The Sierra Club has on its web page a replay of the burning rig photo from the first two days of the Horizon fire, that has a "donate money to help" statement printed over it. The Sierra Club has had high-ranking figures present in online media but it appears that the Club is going to use the disaster as a fundraising bonanza. I’d give the Sierra Club an "F" if it wasn’t for a few written pieces I’ve seen from them in recent days on the widely-read Huffington Post. Instead, I’ll give them an "E", for "Exploitation", that is, their apparent intention of prioritizing their fundraising in the disaster. They might as well sell sea turtle meat by the seashore. They interleave the picture of a Northern Gannet being scrubbed of oil with the burning rig picture. With all their resources, do they not have a single photographer on the ground in the Gulf getting their own pictures for them?

Oceana has built up a presence in the issue that deserves its own web log entry. I encourage people to watch what Oceana does wit this disaster. Likewise, the NRDC appears to be going full throttle on raising awareness, they are showing up over and over in mass media coverage.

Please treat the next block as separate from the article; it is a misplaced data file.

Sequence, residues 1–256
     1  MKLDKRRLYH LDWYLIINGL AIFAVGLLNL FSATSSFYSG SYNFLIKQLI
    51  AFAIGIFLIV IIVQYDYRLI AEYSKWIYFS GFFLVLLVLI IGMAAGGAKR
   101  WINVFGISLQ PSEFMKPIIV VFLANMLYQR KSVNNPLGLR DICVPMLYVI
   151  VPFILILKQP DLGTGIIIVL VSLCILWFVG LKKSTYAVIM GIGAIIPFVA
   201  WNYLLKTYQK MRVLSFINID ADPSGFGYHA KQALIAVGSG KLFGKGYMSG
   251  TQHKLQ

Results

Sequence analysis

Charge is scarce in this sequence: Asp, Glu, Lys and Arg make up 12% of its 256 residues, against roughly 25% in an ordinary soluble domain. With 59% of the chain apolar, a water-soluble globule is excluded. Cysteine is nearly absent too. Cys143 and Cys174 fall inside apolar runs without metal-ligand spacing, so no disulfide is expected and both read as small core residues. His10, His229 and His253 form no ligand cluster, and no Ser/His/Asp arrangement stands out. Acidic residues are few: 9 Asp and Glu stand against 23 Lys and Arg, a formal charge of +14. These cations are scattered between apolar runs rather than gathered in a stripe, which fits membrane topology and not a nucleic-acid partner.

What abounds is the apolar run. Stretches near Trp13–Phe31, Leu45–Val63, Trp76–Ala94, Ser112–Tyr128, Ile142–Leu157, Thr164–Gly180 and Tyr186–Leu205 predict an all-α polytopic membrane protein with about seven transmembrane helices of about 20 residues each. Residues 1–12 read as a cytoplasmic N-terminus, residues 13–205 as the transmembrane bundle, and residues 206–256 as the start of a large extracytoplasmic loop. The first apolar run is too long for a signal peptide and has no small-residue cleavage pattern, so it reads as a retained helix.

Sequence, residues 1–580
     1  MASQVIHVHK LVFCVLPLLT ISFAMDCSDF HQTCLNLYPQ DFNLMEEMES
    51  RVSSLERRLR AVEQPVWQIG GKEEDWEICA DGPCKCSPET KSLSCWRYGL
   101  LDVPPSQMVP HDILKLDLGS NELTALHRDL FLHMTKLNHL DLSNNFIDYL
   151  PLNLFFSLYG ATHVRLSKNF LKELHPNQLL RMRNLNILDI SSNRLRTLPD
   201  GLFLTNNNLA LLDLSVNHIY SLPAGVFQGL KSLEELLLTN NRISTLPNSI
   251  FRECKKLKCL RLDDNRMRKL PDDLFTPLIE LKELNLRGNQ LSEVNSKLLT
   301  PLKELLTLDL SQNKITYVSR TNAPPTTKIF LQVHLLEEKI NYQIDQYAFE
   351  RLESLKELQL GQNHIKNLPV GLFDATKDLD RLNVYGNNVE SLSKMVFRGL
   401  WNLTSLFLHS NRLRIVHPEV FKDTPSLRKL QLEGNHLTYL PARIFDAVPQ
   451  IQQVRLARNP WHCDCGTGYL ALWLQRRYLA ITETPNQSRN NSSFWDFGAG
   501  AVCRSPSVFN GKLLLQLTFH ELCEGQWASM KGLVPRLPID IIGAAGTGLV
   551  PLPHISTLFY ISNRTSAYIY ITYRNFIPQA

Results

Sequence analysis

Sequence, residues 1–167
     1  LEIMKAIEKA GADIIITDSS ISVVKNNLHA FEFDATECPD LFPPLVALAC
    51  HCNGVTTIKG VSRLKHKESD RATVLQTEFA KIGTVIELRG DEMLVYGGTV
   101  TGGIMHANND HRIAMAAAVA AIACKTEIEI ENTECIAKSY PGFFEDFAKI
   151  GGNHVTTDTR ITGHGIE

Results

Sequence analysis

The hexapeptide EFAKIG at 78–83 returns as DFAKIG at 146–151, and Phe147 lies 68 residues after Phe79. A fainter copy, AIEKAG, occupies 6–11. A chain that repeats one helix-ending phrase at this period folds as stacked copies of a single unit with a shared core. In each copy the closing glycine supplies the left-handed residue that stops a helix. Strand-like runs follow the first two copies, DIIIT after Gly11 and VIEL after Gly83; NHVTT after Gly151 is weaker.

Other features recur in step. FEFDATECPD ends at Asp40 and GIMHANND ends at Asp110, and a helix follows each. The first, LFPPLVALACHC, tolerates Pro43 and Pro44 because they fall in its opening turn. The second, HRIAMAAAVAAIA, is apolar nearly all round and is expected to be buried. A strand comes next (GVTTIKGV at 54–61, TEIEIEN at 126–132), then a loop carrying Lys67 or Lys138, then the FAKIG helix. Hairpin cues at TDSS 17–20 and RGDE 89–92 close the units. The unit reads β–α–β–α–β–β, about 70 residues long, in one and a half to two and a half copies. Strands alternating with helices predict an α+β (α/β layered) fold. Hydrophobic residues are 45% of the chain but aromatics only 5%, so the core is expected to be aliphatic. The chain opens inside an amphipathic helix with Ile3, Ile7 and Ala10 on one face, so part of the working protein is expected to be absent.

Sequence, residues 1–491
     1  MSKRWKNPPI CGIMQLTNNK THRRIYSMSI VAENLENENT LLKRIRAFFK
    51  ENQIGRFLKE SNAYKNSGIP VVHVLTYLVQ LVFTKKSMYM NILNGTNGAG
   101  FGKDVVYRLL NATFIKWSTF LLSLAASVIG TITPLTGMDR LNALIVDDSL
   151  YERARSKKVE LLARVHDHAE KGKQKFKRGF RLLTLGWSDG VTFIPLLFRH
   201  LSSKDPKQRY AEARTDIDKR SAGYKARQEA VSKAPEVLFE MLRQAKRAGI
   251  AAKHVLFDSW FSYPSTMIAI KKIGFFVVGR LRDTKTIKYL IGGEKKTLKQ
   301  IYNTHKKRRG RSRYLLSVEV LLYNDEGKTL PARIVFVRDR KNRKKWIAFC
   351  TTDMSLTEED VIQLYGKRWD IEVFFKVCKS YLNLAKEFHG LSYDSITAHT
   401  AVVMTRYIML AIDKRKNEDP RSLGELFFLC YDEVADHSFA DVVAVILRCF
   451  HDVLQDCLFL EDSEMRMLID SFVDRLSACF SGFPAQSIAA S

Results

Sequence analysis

As 3/4 of the boom available to contain the spill fails in rough weather – and it was an insufficient amount by far – BP has prepared the first of three "containment chambers" they hope to mitigate the spill’s extent in the months remaining before their intervention well can be drilled. Looking at the image of the rusty, improvised, clunky four-story steel box that is to be lowered into a mile of water even after we know that most of the spilled oil can never be cleaned up I ask myself: how did it come to this?

Couldn’t the 350 million dollars that went into the building of the Deepwater Horizon have resulted in a response to a predictable disaster that didn’t boil down to the panicked attempt to construct a crude steel box to lower over a spewing well leak? This is the real story here – how did two hundred-billion-dollar-plus corporations (BP and Transoceanic), with massive engineering resources available, working within a supposed Federal regulatory environment, produce a spectacular high-tech failure and ecological disaster and the only response that the Federal government and BP have together is an insufficient amount of boom breaking down under moderate wave action at the coastline, and a rusty four-story steel box intended to sit under a mile of water over a high-tech well with a 450,000 kilogram blowout preventer that never activated? I believe that the answer to that question will be sufficient, once made clear, to permanently block or end deepwater offshore drilling.